Hydrogen Powered Cars- Vehicles of the Future?

Hydrogen is the most abundant element in the universe. It powers the sun and is used a rocket propellant by NASA. Imagine if it could power your car.

Benefits of using hydrogen

The benefits of using hydrogen as a fuel read like a wish list for the perfect fuel. It burns cleanly and produces no harmful by products – only water; and it can be extracted from water by electrolysis. Taken at face value like this, if we moved to a hydrogen-based fuel economy, we’d have a virtually infinite supply of free fuel and no vehicle pollution. So why don’t we have more hydrogen powered cars?

The hydrogen economy has been politician’s dreams for decades. George W. Bush was a champion, seeing hydrogen as a way to free America from the influence of Middle East oil nations. Car manufacturers have invested billions in hydrogen research, only for some to become disillusioned with the technology and pull funding. Why is it so difficult?

Hydrogen is actually quite difficult to produce. The main method of extracting it is through a process called steam reforming of methane gas. But this is energy intensive, and produces 12 kilos of carbon dioxide for every 1 kilo of hydrogen. The ideal method would be to produce hydrogen from the electrolysis of water, using renewable energy to power the plants.

Then there’s the actual technology required to use hydrogen as a fuel. Hydrogen powered cars (called fuel cell vehicles) use a fuel cell to power them. This differs from battery-powered cars which can be recharged by plugging into the mains electric. And if you think battery-powered vehicles have drawbacks, hydrogen fuel cell vehicles are in some ways even further behind.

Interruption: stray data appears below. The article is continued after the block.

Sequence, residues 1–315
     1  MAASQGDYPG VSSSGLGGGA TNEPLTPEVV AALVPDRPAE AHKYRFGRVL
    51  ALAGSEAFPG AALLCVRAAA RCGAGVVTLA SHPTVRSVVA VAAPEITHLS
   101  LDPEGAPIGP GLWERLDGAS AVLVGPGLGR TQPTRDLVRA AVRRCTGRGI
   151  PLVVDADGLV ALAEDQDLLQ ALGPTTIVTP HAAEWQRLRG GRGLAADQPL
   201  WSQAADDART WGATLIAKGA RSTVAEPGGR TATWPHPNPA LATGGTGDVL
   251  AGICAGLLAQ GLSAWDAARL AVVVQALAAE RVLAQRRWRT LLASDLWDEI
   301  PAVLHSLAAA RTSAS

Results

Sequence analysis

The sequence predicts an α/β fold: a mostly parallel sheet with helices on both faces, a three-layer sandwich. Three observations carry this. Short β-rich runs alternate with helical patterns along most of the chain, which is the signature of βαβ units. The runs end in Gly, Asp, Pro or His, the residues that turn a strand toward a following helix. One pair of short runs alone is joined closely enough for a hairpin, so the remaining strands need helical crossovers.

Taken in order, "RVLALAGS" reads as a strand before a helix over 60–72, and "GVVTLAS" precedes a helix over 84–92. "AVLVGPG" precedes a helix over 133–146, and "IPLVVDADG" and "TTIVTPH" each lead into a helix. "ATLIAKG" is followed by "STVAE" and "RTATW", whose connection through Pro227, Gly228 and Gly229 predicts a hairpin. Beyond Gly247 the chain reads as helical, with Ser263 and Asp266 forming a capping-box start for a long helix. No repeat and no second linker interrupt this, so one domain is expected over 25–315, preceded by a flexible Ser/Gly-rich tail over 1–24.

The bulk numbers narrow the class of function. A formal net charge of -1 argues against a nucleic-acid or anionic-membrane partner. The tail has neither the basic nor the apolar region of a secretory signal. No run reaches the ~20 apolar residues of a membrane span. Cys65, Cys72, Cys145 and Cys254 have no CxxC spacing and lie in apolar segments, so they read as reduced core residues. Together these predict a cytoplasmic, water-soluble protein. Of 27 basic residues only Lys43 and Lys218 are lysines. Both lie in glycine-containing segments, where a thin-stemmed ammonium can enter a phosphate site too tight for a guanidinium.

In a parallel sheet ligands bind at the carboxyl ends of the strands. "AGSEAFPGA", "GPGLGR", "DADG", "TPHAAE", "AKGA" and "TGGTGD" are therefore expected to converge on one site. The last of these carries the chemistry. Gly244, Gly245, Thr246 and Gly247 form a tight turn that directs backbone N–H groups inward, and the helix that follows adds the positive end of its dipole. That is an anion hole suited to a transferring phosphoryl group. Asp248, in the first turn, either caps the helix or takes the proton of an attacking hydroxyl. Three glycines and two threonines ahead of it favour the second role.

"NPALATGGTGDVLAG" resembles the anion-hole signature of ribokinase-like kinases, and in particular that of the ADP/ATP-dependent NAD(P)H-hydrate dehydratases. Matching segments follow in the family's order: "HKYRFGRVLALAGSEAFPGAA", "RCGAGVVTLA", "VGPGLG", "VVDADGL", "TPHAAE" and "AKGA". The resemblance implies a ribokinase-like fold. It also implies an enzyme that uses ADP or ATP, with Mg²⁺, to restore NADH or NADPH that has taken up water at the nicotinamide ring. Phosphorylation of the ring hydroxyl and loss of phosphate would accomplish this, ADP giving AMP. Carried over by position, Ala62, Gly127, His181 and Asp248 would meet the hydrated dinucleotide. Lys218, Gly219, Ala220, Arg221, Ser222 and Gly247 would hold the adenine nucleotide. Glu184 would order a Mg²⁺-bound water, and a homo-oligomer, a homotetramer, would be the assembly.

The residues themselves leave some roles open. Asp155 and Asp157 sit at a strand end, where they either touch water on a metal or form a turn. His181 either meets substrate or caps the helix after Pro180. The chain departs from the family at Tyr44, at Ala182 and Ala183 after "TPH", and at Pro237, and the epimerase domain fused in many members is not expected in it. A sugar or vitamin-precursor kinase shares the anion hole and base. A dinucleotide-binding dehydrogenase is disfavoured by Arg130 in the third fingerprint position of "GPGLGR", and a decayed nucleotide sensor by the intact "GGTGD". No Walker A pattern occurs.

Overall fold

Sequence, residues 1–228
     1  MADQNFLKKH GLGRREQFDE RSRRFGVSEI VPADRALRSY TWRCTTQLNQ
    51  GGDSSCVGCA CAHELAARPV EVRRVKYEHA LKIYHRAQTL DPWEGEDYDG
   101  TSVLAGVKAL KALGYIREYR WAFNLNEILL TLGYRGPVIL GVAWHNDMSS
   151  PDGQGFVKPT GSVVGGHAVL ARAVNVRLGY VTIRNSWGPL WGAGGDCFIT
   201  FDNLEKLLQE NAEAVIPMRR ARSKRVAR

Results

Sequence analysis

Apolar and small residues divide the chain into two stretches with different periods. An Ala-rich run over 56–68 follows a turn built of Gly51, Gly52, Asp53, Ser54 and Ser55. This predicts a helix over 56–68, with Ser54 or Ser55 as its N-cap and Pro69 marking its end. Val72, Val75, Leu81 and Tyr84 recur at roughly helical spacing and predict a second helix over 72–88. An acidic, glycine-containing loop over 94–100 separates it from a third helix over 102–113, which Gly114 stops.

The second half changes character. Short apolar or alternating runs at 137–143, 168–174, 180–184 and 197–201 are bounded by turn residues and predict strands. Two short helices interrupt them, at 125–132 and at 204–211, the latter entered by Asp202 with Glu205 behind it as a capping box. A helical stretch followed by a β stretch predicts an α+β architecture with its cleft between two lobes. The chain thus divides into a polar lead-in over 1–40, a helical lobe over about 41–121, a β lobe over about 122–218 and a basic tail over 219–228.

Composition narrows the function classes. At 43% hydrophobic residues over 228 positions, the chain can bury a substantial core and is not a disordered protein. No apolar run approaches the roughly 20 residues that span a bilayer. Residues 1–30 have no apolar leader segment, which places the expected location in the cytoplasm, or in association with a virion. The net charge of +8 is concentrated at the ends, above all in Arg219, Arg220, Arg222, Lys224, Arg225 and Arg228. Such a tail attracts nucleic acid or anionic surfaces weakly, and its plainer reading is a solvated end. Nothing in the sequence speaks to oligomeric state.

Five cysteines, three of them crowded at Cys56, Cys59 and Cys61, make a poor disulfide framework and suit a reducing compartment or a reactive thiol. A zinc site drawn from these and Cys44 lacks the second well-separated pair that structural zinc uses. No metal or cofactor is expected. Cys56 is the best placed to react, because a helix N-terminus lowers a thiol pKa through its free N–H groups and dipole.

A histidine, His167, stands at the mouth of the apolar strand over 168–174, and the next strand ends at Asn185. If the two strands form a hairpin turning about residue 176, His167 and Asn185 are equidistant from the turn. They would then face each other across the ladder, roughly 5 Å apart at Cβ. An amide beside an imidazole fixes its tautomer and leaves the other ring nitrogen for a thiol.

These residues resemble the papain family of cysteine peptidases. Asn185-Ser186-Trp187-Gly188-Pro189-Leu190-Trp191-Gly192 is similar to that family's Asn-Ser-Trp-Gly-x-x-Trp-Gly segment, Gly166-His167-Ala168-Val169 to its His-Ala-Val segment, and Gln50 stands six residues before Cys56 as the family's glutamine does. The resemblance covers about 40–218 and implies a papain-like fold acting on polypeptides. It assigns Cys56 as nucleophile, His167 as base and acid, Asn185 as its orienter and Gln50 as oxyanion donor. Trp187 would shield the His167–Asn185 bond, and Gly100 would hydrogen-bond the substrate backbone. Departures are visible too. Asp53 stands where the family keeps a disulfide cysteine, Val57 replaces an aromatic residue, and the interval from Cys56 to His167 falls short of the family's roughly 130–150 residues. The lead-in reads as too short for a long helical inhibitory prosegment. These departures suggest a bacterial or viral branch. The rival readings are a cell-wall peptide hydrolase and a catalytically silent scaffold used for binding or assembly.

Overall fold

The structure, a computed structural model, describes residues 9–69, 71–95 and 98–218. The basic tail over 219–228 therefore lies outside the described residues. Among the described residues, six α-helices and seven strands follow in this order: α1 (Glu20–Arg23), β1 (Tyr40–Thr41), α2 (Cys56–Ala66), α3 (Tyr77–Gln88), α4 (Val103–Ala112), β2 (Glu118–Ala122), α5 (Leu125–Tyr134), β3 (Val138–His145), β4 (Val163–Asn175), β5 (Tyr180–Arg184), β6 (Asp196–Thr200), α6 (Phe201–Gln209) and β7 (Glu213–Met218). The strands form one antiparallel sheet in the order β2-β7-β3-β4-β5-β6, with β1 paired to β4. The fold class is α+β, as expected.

A fuel cell vehicle has a fuel cell stack which combines hydrogen and oxygen to generate electricity. But you need a lot of hydrogen to get a decent driving range. The gas has to be highly compressed –the whole trunk of a car would be taken up with compressed gas cylinders. There are concerns that tanks could explode if ruptured in an accident, and the compressed gas is highly combustible – think Hindenberg airship disaster…

The fuel cell stack needs precious metals so they’re expensive to produce. And the technology is nowhere near mature to justify large-scale manufacture, although the cost of fuel cells is slowly dropping.

Another problem is the lack of a distribution system for hydrogen. The infrastructure for moving and storing petroleum is mature; replacing it with a new hydrogen infrastructure would cost billions of dollars.

The reality of hydrogen as a limitless, free fuel is unfortunately still many years away. Some doubt it will ever be achieved.

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